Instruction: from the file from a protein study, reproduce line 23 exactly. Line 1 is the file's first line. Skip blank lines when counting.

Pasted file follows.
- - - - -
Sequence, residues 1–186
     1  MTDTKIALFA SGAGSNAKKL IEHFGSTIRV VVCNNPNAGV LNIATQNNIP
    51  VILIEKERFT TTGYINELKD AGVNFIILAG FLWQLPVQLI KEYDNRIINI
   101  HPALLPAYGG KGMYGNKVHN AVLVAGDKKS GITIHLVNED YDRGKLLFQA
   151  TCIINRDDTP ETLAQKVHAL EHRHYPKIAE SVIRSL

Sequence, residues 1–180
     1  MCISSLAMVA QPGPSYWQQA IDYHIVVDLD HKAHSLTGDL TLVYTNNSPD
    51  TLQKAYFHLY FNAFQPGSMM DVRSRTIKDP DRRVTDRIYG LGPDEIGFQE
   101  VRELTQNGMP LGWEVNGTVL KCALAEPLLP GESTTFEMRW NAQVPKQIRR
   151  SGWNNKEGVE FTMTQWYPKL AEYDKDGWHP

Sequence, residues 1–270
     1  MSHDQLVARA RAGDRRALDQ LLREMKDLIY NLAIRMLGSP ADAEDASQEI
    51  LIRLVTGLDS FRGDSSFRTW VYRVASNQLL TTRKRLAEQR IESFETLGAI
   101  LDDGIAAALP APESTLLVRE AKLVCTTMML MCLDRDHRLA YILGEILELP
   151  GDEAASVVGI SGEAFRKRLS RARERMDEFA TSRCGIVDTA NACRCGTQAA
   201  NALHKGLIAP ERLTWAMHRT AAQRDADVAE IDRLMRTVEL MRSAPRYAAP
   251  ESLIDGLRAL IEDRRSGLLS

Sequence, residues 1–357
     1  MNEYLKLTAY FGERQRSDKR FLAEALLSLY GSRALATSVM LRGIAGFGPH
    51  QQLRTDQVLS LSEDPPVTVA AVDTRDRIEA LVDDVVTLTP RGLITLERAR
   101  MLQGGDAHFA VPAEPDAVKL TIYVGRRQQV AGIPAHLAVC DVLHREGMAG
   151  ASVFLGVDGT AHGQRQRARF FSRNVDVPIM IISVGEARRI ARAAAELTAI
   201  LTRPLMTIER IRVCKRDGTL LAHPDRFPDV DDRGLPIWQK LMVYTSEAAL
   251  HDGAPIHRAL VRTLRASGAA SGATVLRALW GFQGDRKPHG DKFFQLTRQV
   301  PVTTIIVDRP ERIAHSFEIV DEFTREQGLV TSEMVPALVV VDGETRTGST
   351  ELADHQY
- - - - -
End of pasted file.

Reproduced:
   201  LTRPLMTIER IRVCKRDGTL LAHPDRFPDV DDRGLPIWQK LMVYTSEAAL